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post #7 of 8 Old 04-08-2003, 09:43 AM
 
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Quote:
Originally posted by Coyotes
They are using overscan to compensate for tube / circuit design that doesn't really allow for the reproduction of complete 1080i line information.
Before the information is fully "painted" horizontally across, retrace forces the beam spot to drop to the next line. Manufacturers use overscan to hide potential 'fold over'.
I know that many of you have successfully reduced overscan to a point where you can see more information form patterns from AVIA or VE. The questionable long term aspect that remains is have you over-taxed the convergence ICs? Forcing the grid into a squeeze that might not be calculated at the circuit design stage and signed off at the engineering level for production might lead to premature failure.

I'm not saying you should not do it and I'm not predicting that doom will ensue, however, everything done by a manufacturer is for a reason...good or bad.
I hear what you are saying.

I read Joe Kane's article in Widescreen review this month about this. David Abrams had a good post running about it too....though confusion creeps in at times to drown out the good content.

You are correct.

However,

because of the "magic focus" auto convergence system Hitachi's require overscan in order to funtion correctly. This keeps overscan reduction to a conservative level.

Most people do not reduce overscan to less than 4%, which should be the lowest you go in order to make everything work right. Some Mits owners here run 2% which is way too low....for a Hitachi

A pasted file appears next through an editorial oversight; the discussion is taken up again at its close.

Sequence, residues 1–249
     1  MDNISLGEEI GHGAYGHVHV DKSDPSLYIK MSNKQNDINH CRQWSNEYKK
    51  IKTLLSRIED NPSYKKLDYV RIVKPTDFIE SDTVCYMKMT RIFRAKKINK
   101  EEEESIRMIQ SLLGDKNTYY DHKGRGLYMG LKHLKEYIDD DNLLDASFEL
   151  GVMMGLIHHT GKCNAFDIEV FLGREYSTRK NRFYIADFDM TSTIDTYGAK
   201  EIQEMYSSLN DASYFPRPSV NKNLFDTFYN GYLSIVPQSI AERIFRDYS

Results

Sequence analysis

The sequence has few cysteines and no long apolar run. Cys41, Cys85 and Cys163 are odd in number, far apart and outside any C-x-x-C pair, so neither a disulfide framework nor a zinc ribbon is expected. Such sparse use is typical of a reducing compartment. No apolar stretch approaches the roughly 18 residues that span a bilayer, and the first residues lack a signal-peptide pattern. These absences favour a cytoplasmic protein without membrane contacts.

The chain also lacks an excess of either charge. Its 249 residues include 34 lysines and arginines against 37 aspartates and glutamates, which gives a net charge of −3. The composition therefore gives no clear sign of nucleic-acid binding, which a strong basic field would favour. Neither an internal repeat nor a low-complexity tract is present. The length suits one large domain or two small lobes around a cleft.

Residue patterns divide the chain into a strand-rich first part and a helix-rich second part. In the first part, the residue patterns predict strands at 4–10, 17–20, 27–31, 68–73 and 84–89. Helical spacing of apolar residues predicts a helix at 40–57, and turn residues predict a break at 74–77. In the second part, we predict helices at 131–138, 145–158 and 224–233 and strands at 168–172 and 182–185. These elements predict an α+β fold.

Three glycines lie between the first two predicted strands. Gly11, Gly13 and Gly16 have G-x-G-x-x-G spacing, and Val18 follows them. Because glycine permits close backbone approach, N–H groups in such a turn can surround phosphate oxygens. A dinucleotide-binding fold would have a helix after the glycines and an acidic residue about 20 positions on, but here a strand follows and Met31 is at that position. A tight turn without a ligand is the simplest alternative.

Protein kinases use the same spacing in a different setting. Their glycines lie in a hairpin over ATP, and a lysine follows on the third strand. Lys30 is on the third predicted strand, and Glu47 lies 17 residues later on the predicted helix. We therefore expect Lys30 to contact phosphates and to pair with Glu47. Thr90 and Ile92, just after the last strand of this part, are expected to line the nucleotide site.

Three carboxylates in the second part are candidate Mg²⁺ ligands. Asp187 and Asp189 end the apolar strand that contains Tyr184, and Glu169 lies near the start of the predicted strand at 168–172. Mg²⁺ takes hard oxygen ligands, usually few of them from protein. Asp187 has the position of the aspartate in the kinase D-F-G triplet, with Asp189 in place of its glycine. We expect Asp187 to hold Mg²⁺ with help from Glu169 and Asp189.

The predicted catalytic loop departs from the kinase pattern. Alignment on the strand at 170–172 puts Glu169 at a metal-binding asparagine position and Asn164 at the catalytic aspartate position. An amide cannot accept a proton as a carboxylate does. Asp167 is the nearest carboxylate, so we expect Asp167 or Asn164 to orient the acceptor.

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post #8 of 8 Old 05-06-2003, 05:49 AM
 
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Quote:
Originally posted by Coyotes
They are using overscan to compensate for tube / circuit design that doesn't really allow for the reproduction of complete 1080i line information.
Before the information is fully "painted" horizontally across, retrace forces the beam spot to drop to the next line. Manufacturers use overscan to hide potential 'fold over'.
I know that many of you have successfully reduced overscan to a point where you can see more information form patterns from AVIA or VE. The questionable long term aspect that remains is have you over-taxed the convergence ICs? Forcing the grid into a squeeze that might not be calculated at the circuit design stage and signed off at the engineering level for production might lead to premature failure.

I'm not saying you should not do it and I'm not predicting that doom will ensue, however, everything done by a manufacturer is for a reason...good or bad.
So you think that running 3.5% or 4% overscan might burn out the convergence IC's quicker?


My dad's 61" SWX20B is over two years old and the CRT's are quite worn, he watched the TV atleast 5-8 hours everyday between my Mom in the morning and Him at night.

Still working great..... Hopefully it will stay that way.:)